When Bayern Munich forward Sadio Mané finally grabbed his goal — his first since October — teammates rushed to congratulate the embattled and oft-offside star. Joshua Kimmich patted him ferociously on the head. But if Bayern CEO Oliver Kahn, watching from the stands, had any reaction at all, it wasn’t caught by the cameras.
Kahn was looking away, down and downcast, when the broadcast cameras panned to the stands. Beside him, sporting director Hasan “Brazzo” Salihamidžić, offered a hearty handshake — belatedly noticed and glumly accepted.
And that was the game’s high point. Bayern collapsed to a 3-1 defeat, rendering the nightmare of a trophy-less season into a more than realistic vision. Speaking after the game for ZDF sportstudio, Kahn put aside the prospect as best he could.
“It’s not fear,” Kahn said, asked about the specter of a season without a single trophy after ten straight Meisterschale achievements (via @iMiaSanMia). “But of course that would be a disaster for all of us.”
It’s Kahn who is all of a sudden the embattled one. After an exit to Manchester City in the Champions League, speculation immediately popped up that the Bayern CEO was next on the chopping block. So far, it seems to be just that — speculation.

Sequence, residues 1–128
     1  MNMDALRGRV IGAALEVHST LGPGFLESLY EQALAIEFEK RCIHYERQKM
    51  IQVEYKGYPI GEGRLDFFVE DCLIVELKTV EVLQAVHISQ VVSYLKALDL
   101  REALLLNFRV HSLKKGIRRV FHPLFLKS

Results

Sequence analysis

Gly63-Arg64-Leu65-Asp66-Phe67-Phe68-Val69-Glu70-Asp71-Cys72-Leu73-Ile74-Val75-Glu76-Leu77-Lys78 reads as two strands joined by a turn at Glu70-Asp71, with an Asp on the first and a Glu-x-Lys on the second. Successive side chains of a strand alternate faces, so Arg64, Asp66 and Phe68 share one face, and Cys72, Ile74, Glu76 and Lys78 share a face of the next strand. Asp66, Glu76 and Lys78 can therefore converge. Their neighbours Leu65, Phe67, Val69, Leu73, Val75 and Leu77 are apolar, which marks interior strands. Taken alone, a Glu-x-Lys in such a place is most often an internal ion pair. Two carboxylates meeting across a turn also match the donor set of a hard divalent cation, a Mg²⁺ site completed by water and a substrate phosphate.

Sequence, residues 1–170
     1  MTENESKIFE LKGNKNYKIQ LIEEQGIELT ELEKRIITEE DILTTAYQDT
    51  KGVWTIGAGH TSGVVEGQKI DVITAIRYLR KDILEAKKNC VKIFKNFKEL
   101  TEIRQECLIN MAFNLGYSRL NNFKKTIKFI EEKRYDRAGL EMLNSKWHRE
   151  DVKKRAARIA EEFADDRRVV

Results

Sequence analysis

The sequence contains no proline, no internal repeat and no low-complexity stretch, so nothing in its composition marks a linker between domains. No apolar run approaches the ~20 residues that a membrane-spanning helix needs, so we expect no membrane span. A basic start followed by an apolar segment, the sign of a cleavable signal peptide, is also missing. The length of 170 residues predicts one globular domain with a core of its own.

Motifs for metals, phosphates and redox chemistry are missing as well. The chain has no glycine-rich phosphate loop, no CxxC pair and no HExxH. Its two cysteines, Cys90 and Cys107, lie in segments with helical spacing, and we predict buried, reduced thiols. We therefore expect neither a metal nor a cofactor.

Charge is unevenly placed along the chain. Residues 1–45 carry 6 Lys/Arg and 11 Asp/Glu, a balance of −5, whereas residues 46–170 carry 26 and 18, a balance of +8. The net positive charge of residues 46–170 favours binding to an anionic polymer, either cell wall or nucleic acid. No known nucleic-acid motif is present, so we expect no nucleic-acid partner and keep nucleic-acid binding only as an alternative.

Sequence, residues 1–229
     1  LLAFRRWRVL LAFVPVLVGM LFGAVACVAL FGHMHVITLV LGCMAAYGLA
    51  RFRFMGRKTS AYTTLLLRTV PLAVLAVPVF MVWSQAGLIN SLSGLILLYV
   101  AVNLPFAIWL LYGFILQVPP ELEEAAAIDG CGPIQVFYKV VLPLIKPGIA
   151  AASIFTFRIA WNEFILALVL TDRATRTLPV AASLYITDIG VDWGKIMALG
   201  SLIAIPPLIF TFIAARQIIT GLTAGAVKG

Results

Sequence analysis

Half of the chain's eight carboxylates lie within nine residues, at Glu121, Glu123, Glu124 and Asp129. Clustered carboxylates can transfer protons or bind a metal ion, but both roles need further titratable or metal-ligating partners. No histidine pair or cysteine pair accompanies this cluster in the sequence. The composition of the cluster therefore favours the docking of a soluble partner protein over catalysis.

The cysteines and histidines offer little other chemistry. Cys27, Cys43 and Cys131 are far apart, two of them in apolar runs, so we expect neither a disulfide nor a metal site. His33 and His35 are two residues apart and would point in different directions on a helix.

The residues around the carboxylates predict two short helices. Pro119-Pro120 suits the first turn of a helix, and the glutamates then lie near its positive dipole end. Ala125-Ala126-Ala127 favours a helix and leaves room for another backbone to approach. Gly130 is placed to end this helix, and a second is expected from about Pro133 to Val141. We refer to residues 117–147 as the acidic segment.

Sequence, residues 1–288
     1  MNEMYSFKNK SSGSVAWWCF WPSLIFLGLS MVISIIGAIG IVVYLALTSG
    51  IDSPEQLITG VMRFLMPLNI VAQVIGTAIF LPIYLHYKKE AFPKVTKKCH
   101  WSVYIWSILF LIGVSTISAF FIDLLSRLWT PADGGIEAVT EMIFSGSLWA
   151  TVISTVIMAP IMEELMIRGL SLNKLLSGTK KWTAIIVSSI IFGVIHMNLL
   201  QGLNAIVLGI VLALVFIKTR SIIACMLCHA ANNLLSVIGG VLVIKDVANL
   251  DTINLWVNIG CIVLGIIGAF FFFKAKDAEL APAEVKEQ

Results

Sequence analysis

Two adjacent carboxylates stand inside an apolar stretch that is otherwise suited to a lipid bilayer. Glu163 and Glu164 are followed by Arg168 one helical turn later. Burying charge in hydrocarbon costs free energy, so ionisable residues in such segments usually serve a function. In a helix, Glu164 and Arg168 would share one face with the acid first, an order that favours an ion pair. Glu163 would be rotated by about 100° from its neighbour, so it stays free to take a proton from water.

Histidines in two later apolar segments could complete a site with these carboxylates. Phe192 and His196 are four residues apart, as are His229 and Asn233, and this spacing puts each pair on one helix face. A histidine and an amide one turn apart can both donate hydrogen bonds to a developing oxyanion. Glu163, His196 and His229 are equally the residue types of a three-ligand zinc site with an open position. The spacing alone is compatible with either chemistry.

“It’s not (newspaper) rumors,” Kahn added. “If I understood correctly, someone wrote a tweet and everyone kind of jumped on it. Then somehow there was a hype about this topic.”
Kahn speaks like a man determined to give his all, not only this season but also the next, and the next, and the next. But it’s the manner of that effort — sacking previous manager Julian Nagelsmann in March to bring in Thomas Tuchel just ahead of a crucial slate of games — that has left at least some bystanders perplexed.
Especially given the results. After all, wasn’t Nagelsmann sacked to avoid all of this?
At the time, the threat to Bayern’s treble ambitions were the hot topic of discussion. With Bayern on the verge of blowing the whole trifecta, Kahn reminded that it’s also about a grander vision.
“I’ve always talked about long-term goals,” the CEO concluded. “It’s not only about this season’s goals. Of course we all would have wished to advance in the Pokal and that things would be a bit tighter against City. [But] Man City is a team that is currently one of the best in Europe. It’s not so easy to advance [against them].”
Looking for more analysis mixed with a bad-tempered rant? Then check out our postgame podcast! Explicit content warning because there’s swearing, it really was that kind of game. Listen to it below or on Spotify.
As always, we appreciate all the support.